They ought to frame this!


T W. JONES, the former Blackpool forward - a £3,000 or £4,000 signing when he came to the club from Burnley - is out of Grimsby Town’s first team at present.

As those inside forwards played in the last half-hour at Blackpool it may be a long time before he is in it again.


LETTER after letter in the  postbag this week agrees that the short pass will have to be eliminated from Blackpool’s game on these present mudcaked grounds.

Several correspondents become amateur team-selectors and nominate their own teams. This is one from North Shore: Wallace, Sibley, Kennedy, Farrow, Suart, Johnston, Munro, Eastham, McKnight, Mortensen and O’Donnell.


GRIMSBY TOWN’S quarters at Blackpool last weekend were at Stanley Matthews’ hotel on the Promenade.

The England forward and Jock Dodds, too, expect that several teams will be among their winter clientele this season.


EVERY week I am hearing good reports of the Central League games at Blackpool. It’s a long time since Blackpool had such a strong second team.

Not everybody behind the scenes approves of the experiment, but I am told that Johnny Crosland promises to make a grand full-back.

That was my impression when I saw him in the recent Lancashire Cup-tie at Liverpool.

A centre-forward? Well, I don’t know about that.


RONNIE SUART, the Blackpool centre-half, has this distinction: He was the first centre - half to eliminate Tom Blenkinsopp, Grimsby’s new centre-forward, from the list of marksmen in a match since this right halfback was given his present position in the Town’s frontline.

Six goals in four games was Blenkinsopp’s record before the Blackpool match. He has been at Grimsby since before the war, offered to play at centre-forward, but said: “I don’t know what I’ll do there.”


IT was a nice compliment to make Eric Sibley Blackpool’s captain last weekend for the first time ever.

If you had been told a few months ago that this full-back from Bournemouth who cost Blackpool only £1,000 before the war would captain the team in the first post-war season few people would have even listened to you.

Nearly everybody said his days in first-class football were over. He had other ideas. There is not a player in the present-day game who has made such a come-back.


GEORGE AINSLEY, who led the Leeds' forwards against Blackpool this afternoon, was one of Blackpool’s first wartime captains.

A great sportsman is this 6ft. centre-forward. When, early in the war, at a time when Blackpool’s teams were R.A.F. sides, chosen by a panel of Service officers he went to his C.O. one day, and said, “I’m off my game sir; leave me out on Saturday."

Few men have ever asked to be omitted from a team.


STANLEY MORTENSEN scored his 10th goal of the season at Blackpool last weekend. He is the first Blackpool forward in double figures, has shot his goals in 16 games, has yet to score more than one in a game.

Last season his total for 16 games was 16 goals, including four at Bury in the first match of the season, and three against Sheffield Wednesday in November.

But that was not First Division football!


UNLUCKIEST player last weekend to miss the scoring list was Wallbanks, the Grimsby Town outside-right, who, a split second after the referee’s whistle had gone at Blackpool for a foul on one of his own men, shot the ball into the net of the south goal.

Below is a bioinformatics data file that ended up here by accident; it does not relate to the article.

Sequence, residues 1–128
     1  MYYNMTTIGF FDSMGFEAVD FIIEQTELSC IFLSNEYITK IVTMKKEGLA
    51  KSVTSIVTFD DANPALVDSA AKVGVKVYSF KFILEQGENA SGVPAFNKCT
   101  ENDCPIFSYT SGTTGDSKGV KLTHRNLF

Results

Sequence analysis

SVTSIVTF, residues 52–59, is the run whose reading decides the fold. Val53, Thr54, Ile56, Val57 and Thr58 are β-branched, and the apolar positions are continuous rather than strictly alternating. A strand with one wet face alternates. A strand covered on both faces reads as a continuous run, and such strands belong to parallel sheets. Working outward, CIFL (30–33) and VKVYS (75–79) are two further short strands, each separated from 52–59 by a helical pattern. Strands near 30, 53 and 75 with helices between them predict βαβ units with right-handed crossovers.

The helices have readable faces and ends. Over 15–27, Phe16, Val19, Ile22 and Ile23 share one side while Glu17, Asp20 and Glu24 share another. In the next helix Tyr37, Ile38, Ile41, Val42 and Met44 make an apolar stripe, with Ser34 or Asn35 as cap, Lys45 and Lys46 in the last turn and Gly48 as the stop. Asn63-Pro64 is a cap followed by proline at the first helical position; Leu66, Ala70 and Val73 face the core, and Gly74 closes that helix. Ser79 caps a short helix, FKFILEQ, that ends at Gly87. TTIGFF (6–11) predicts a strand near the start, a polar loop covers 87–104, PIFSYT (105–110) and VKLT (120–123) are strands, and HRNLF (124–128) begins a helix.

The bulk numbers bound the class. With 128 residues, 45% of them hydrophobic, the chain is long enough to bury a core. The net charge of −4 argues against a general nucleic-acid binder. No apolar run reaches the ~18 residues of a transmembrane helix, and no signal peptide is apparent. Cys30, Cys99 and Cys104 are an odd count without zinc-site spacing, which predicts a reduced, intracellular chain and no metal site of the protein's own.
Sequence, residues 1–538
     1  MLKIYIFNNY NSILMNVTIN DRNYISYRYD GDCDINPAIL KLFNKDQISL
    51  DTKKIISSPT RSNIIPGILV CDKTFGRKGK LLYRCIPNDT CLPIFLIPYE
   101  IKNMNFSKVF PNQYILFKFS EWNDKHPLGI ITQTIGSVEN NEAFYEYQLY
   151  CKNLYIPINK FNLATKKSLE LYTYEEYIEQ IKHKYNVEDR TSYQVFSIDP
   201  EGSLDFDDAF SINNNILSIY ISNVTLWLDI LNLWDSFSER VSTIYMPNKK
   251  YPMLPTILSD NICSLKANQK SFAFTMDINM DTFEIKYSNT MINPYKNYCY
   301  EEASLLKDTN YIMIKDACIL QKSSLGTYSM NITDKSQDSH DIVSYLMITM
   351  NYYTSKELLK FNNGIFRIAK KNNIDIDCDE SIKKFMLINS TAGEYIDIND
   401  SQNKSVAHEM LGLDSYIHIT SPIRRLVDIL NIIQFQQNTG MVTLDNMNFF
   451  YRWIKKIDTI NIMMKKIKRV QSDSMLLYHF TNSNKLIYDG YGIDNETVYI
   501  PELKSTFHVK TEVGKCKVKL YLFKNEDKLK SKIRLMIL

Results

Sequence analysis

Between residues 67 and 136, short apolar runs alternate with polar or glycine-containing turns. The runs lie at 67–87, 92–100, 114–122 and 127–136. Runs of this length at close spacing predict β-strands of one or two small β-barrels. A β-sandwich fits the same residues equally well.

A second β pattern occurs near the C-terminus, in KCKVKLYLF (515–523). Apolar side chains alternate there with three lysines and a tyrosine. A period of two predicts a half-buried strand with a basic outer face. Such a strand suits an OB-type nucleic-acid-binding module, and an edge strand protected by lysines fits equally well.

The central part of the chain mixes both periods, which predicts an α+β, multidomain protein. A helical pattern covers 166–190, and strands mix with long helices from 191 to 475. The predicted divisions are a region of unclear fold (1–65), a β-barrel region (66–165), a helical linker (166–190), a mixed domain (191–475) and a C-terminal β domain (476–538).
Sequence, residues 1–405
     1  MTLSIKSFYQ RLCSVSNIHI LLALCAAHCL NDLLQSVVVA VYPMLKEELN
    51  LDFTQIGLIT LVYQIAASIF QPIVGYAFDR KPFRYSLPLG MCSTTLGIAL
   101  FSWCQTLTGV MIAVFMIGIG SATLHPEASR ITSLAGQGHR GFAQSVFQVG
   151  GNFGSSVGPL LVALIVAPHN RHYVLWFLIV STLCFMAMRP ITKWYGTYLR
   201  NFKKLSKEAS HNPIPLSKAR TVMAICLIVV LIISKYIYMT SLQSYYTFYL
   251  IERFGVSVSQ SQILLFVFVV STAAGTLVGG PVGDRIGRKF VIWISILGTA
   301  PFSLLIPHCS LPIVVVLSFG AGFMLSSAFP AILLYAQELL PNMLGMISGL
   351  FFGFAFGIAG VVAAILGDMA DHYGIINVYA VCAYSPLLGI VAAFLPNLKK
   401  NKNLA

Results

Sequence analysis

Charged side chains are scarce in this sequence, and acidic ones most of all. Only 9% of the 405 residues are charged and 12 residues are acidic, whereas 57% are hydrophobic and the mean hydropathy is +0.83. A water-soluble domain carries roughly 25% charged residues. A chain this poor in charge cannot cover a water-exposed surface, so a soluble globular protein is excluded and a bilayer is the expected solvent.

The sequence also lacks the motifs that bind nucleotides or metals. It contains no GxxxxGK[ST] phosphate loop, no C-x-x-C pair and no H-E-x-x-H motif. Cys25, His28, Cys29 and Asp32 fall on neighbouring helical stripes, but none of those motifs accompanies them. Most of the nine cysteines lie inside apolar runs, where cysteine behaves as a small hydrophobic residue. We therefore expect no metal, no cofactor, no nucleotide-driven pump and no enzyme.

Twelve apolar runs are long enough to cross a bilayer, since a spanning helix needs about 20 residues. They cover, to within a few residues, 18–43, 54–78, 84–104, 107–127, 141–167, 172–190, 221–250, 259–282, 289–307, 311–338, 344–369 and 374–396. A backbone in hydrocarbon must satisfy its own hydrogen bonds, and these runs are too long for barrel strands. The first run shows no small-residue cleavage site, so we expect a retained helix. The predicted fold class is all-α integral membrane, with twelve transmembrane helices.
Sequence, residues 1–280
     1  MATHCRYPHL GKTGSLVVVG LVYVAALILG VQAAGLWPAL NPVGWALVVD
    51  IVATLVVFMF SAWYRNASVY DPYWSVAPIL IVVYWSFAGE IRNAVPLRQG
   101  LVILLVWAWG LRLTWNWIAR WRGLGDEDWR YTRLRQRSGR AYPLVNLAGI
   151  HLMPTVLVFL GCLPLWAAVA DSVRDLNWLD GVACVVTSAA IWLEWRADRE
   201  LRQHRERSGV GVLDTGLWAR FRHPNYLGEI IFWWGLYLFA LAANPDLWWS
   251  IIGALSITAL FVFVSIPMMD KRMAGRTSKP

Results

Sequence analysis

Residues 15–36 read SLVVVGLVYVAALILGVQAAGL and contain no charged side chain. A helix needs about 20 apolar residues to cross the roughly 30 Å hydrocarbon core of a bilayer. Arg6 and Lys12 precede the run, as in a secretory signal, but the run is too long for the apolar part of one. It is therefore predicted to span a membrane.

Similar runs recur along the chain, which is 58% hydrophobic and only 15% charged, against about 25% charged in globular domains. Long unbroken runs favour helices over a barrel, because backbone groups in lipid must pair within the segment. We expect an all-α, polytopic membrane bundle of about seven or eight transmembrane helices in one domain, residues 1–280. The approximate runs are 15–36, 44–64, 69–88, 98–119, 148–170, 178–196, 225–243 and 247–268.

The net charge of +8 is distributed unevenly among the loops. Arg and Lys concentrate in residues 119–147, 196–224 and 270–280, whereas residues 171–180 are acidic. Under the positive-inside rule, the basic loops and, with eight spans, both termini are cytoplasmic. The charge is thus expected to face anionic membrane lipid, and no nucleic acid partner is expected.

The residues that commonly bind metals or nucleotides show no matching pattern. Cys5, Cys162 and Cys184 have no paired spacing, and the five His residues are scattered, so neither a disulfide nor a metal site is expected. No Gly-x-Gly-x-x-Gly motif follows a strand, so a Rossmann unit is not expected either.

Recruited from Aberdeen, this wing forward is one of four brothers who have made a name in football. One is at Fulham now, and another at Reading. A third was once famous on Barnsley’s right wing.


MET Bob Finan last weekend. He is another of those cartilage casualties who are taking a long time to settle down in the game again.

“I know I’m fit now - and yet there’s something, that little extra bit of snap, missing all the time,” he confessed.

Yet I’ve still plenty of faith in this Scot, who has given great service to Blackpool. Once his self - confidence is restored he’ll come back again.


WHEN Harry Johnston, the Blackpool captain, takes the field with England against Holland at Huddersfield on Wednesday, he will be the first Blackpool player to wear his country’s jersey in peacetime football since Jimmy Hampson played against Austria at Stamford Bridge in 1932.

Those were the days - and it is good for football that they have gone - when often the status of a player’s club influenced selections for England’s team.

The Blackpool centre-forward scored two of England’s four goals in a 4-3 defeat of the visitors. Two years earlier he had played against Ireland and scored once and against Wales and scored twice.

HE had, too, a record for the Football League in inter-League games which no centre-forward has ever since equalled. Four games he played for the League between 1930 and 1932. In every game he scored.

His total for the four games was nine goals.

Yet after that match against the Austrians in London he never appeared in another representative match.

Harry Johnston can enter on his England career knowing that if he plays a good game he will remain in the team. The old snobocracy is as dead as the dodo now.



EIGHTEEN hundred ground tickets for the all-ticket match between Blackpool and Blackburn Rovers on Boxing Day were sold at Bloomfield-road on Saturday before, during and after the Central League match, writes “Spectator.”

Seventeen thousand are for sale at the ground.

I am told that stand tickets will probably be on sale for the first time at the Central League game on Saturday week to enable the club’s own followers to be given first chance of them.

No bookings are being accepted by telephone.

WHEN one of the “Evening Gazette ” photographers visited the Blackpool F.C. ground early in August, 1937, a day after the professionals had reported for training, he approached Mr. Joe Smith, the Blackpool manager, and asked him, “Have you two promising young players who would make a picture?”

The Blackpool manager went into the dressing-room, called, “Harry” “Jim,” and out for a photograph came two young recruits whose names were unknown in the game.

One was called Jim Blair, the other Harry Johnston. A photograph was taken of them afterwards listening to one of their first lessons from the man who has always had faith in them.

“If these two don’t make good in the game, I know nothing about it,” said Mr. Smith that afternoon nine years ago. Everybody knows what has happened.

One of them, Johnston, plays his first game for England against Holland at Huddersfield on Wednesday. The other, Blair, had his first game for Scotland last month.

Yes. Mr. Smith can pick them out.